Anethum graveolens L. (dill), an important member of the Umbelliferae family native to southwest Asia or southeast Europe, is widely used for flavoring foods and beverages, and for the treatment of many pathological conditions such as disease of the uterus, cervical ectropio, flatulence, indigestion, stomachache, colic, and gas in the intestinal tract [9]. Dill has been reported to possess antibacterial [10], antihyperlipidemic, and antihypercholesterolemic [11] properties. As a traditional medicine, dill increases milk production and promotes menstruation [12]. Based on our previous work, dill oil can be a potential source of eco-friendly antifungal drugs and food preservatives [13], [14]. However, to our knowledge and according to a literature survey, there are no available reports on the underlying mechanism of antifungal action of dill oil against A. flavus. Thus, a further exploration of the subject is necessary.

In the present study, the plasma membrane and mitochondria in A. flavus were taken as potential targets for antifungal activity. To determine the exact target of dill oil in the plasma membrane, the effect of the oil on a lesion in the plasma membrane and the content of ergosterol were determined. The effects of dill oil on various markers of mitochondrial activity, such as mitochondrial membrane potential (MMP), acidification of external medium, mitochondrial ATPase, mitochondrial dehydrogenases, and reactive oxygen species (ROS) production, were investigated in A. flavus.

Materials and Methods

Chemicals

Propidium iodide (PI), menadione, rhodamine 123 (Rh123), (2,3)-bis-(2-methoxy-4-nitro-5-sulphenyl)-(2H)-tetrazolium-5-carboxanilide (XTT), L-cysteine (Cys), and 2′, 7′-dichloro fluorescin–diacetate (DCFH-DA) were purchased from Sigma Chemical Co. (St. Louis, MO, USA).

Plant material

The seed parts of A. graveolens plants were harvested from the Xinjiang Uyghur Autonomous Region of China in May 2008 (No specific permits were required for the described field studies or for the collection of plant material). The plant material was initially identified by its morphological features and was finally confirmed by the corresponding author. Voucher specimen no. 581 was deposited at the herbarium of the Institute of Traditional Chinese Medicine & Natural Products, Wuhan University School of Pharmaceutical Sciences.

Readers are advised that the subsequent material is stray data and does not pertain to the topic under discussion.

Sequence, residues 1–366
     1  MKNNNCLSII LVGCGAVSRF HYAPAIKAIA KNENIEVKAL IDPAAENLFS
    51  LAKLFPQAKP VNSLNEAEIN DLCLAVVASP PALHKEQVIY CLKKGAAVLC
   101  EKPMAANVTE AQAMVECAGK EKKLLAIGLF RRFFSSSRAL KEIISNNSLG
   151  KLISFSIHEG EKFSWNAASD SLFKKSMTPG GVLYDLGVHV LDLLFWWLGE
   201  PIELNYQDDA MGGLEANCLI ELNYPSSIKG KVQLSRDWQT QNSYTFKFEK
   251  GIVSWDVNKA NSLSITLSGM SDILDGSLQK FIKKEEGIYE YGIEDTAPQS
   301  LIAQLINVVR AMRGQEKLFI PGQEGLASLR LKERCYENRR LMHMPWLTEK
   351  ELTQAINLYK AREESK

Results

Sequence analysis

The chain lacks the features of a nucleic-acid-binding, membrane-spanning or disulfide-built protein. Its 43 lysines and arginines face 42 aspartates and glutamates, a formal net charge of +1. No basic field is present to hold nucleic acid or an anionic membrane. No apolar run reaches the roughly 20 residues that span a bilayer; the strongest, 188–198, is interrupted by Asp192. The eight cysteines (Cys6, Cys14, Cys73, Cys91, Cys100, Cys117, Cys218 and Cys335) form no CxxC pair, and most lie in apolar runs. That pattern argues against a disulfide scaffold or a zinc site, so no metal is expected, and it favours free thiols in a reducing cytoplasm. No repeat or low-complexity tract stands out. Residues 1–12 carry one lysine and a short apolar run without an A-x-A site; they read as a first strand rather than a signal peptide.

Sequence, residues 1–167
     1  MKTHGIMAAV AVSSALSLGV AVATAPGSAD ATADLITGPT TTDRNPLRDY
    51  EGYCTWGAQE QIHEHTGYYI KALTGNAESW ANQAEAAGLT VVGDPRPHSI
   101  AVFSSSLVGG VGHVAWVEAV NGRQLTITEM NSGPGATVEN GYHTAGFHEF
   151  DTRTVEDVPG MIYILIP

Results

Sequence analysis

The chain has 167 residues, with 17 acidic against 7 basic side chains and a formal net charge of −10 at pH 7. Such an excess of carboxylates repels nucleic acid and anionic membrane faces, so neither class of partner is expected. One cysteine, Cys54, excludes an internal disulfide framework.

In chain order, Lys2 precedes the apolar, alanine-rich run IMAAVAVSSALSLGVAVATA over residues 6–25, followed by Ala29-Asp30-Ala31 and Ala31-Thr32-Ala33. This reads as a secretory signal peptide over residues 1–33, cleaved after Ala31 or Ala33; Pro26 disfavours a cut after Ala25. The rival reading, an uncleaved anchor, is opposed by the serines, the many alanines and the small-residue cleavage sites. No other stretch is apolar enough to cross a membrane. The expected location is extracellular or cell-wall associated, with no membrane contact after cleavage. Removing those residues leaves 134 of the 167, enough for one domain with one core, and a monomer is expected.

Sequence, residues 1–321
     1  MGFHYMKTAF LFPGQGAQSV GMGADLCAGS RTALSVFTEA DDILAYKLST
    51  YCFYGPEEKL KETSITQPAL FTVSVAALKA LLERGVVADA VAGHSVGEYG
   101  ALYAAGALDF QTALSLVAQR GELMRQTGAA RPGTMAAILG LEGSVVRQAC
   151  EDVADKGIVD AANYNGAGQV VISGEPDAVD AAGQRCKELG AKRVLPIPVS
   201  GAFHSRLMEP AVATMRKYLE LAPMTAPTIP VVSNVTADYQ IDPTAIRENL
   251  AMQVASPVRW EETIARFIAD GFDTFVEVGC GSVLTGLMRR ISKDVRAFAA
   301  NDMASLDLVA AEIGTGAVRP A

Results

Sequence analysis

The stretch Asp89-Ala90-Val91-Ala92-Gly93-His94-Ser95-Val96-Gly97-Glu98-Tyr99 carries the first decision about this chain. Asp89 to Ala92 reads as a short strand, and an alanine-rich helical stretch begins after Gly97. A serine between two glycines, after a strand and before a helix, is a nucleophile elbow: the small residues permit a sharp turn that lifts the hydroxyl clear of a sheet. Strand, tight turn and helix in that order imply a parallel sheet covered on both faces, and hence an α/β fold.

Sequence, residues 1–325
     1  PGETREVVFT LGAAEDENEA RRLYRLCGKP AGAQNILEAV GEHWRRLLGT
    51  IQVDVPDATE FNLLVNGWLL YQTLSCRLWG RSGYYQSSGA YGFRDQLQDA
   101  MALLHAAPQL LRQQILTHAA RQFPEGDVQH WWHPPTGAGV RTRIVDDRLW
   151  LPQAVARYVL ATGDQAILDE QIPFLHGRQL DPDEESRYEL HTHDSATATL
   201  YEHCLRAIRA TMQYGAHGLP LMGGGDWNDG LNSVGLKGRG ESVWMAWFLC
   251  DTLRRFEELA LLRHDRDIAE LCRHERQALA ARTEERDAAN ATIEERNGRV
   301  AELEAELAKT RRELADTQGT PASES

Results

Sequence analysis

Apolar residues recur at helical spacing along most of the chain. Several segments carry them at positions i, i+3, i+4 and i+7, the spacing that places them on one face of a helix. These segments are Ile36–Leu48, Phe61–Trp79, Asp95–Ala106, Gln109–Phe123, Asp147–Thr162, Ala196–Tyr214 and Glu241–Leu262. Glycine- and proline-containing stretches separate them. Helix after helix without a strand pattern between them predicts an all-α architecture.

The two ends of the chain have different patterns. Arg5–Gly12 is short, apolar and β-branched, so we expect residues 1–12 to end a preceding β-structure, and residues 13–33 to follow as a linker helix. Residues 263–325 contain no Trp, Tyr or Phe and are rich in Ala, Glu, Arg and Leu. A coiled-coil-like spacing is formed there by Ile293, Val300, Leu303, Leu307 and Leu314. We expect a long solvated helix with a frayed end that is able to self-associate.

Isolation of the essential oil

A total of 200 g air-dried seeds were grounded using a mill (FW-100, Taisite Instrument Co., Ltd, Tianjin, China). The grounded seeds were passed through a mesh screen to obtain a uniform powder (less than 0.25 mm), which was then subjected to hydrodistillation for approximately 5 h using a Clevenger-type apparatus (SS85-1000, Shenshi Chemical Engineering Co., Ltd., Wuhan, China). The essential oil yield was 3.5% (v/w). It was dried over anhydrous sodium sulfate. After filtration, it was stored in airtight sealed glass vials covered with aluminum foil at approximately 4°C for further testing.

Fungal strains used

A. flavus CCAM 080001, with an MIC (minimum inhibitory concentration) of 2 µl/ml reported from our previous work [13], was obtained from the Culture Collection of State Key Laboratory of Agricultural Microbiology (CCAM) in China. The fungal strain cultures were maintained on a potato dextrose agar (PDA) slant at 4°C. The old cultures were transferred to a fresh slant every two months to avoid a decline in strain viability.

Determination of lesion of plasma membrane

The studies on membrane damage were tested following the procedure described previously, but with slight modifications [15]. A spore suspension of A. flavus was obtained from its 3-day-old cultures, which were harvested by adding 5 ml PBS with 2% (w/v) D-glucose (PBS-2%G) to each petri dish and gently scraping the mycelial surface three times with a sterile L-shaped spreader to free the spores. The spore suspension of A. flavus containing 4×106 spores/ml adjusted by a hemocytometer was then added into each glass tube. A requisite amount of the dill oil was added in the tubes to obtain 0.25, 0.5, 1.0, 1.5, and 2.0 ìl/ml concentrations. Samples without any oil treatment were considered as controls. The mixtures were then incubated for 12 h at 28±2°C in an incubator shaker. The cells were washed and resuspended in 0.5 ml PBS, and stained with a final concentration of 1 µg/ml PI solution in PBS for 30 min at room temperature. All the incubations were carried out in the dark. Unstained cell suspensions were always included as autofluorescence controls. For each sample, a Scattergram analysis was performed to evaluate morphological changes, and the percentage of PI-positive cells was determined using flow cytometer (Epics Altra, Beckman Coulter, Miami, USA) at PMT4 channel (620 nm). The results were analyzed using Expo32 v1.2 software. All tests were performed in triplicate.

Determination of ergosterol content in the plasma membrane